By Mohammed Ashraful Alam (England, London)
The latest incarnation of the famous King Arthur tale gives a unique and ambitious story in King Arthur: The Legend of the Sword.
The film takes off immediately showing a fierce and destructive battle between Uther Pendragon (played by Eric Banner) and his bloodthirsty, power hungry brother King Vortigen (played by Jude Law) leaving a young orphan Arthur (played by Charlie Hunnam) without any knowledge of his identity.
Even though I’m not a fan of a medieval knight’s tale (especially one told so many times) I particularly enjoyed this one. The plot focuses more on King Arthur’s background story of him growing up without any real sense of who he really is makes this version of the character more noble, relatable and enjoyable. It also helps the fact that Charlie Hunnam’s King Arthur is funny, dashing and chartable which makes the audience invest more emotions to the character. I am safe to say this is one of Hunnam’s best performances. Other than Hunnam, Jude Law’s version of the evil king Vortigen was absolutely stunning, as we witnessed him sacrificing and killing his own wife and daughter to sit on the thrown he so badly desires. This almost wanted me to hate him but at the same time feel for his character due to him being lonely and regretful.
It was no easy task for Guy Ritchie to execute such intense and heart pounding battle scenes especially when we’ve witnessed countless King Arthur battles and fight scenes. The use of slow motion and CGI sword battles showed us the true power and significance of King Arthur’s famous trademark sword “The Excalibur” which we have never seen like before. This also establishes a special relationship between King Arthur and his sword much like Thor and his mighty hammer “Mjolnir” as the King needs to believe in himself to wield the power of the sword, which creates an emotional obstacle as well as a physical obstacle he faces. The slow motion sword fight transitions into a fast paced battle and adding the brilliant soundtrack creates a fierce, breathless and sensational atmosphere which puts you right in the heart of the action.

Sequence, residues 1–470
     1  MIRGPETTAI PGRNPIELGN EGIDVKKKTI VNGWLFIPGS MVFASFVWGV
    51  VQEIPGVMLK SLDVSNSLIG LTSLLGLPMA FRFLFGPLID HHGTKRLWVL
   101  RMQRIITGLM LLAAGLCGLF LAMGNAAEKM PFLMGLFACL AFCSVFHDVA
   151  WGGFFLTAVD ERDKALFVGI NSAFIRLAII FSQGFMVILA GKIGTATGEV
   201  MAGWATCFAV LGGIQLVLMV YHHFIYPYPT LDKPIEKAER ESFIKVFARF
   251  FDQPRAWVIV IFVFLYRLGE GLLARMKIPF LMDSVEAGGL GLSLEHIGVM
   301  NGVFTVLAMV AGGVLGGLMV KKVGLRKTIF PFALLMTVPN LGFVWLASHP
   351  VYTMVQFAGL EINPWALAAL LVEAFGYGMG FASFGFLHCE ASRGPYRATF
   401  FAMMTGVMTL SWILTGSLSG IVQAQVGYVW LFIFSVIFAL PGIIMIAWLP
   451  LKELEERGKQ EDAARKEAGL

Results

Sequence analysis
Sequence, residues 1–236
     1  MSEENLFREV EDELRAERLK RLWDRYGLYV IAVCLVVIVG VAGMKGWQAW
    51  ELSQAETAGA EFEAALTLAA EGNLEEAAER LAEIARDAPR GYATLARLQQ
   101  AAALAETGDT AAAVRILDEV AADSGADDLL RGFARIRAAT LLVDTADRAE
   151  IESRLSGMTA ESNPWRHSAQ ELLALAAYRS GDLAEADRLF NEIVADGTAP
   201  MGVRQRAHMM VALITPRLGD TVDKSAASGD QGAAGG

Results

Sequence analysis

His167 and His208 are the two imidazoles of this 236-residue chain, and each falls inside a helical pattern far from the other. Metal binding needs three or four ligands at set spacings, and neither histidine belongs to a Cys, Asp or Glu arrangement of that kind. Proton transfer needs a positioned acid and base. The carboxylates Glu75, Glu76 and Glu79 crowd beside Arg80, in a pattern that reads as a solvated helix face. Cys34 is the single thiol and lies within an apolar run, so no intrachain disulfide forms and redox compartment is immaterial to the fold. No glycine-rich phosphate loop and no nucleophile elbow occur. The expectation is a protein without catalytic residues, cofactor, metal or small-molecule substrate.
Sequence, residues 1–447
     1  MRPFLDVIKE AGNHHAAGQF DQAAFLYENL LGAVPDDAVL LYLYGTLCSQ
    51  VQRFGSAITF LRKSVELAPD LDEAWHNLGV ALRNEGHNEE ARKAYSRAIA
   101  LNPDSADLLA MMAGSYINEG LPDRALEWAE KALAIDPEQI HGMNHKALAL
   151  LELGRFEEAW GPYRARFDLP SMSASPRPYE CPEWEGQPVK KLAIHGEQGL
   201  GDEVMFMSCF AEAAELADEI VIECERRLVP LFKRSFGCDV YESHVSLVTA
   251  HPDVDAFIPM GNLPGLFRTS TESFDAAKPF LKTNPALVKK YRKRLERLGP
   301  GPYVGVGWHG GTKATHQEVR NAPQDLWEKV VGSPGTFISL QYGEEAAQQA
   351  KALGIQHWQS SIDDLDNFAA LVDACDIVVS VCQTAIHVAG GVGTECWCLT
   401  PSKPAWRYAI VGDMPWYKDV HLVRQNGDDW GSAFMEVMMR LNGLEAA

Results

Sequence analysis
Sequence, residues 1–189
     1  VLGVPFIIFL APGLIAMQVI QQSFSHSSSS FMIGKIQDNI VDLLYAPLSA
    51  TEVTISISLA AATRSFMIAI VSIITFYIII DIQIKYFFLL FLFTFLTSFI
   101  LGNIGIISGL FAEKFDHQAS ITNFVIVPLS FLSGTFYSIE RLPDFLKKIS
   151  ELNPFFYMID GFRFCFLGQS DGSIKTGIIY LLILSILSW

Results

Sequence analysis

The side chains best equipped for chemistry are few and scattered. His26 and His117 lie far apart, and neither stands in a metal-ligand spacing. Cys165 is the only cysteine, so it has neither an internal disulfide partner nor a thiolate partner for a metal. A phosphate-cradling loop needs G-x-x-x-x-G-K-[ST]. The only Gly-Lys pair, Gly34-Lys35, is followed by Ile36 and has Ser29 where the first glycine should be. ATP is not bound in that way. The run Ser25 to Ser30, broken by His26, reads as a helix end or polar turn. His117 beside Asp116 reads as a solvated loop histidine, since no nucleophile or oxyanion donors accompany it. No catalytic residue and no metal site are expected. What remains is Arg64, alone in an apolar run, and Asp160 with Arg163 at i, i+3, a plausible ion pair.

Although this film has its moments it also has moments where you want to close your eyes and wait for the sequence to move on. For Instance the dialogue at times would feel to cheesy and over the top when really we want to see the main body of the issue being addressed rather than sloppy banter and a few bland jokes. This slowed down the tempo and pace of the movie just when it was about to take off creating a weird balance of emotion and atmosphere.
One thing which really felt like a downer was the fact that this film had a great addition to its cast such as Dijimon Hounsou, Aiden Gillen and even David Beckham (Joking about Becks), who were really were under-utilised and just felt like characters who just came along with the thrill and the ride rather than holding any real significance to the protagonist’s story arc (It also didn’t help that one of the most important characters of King Arthurs rise “Merlin” was absent in this movie)
To sum it all up, I would highly recommend this film to a viewer despite the box office bomb and harsh critics reviews. The movie captures a stimulating energetic frenzy which very films try to capture. I can put this movie as one of the best movies in 2017.
Uther Pendragon: Listen to me, I need you do to as I tell you. I need to get you and the boy away from here.
Uther Pendragon: Run, son!
The Mage: Did you see everything you needed to see?
Arthur: I saw enough.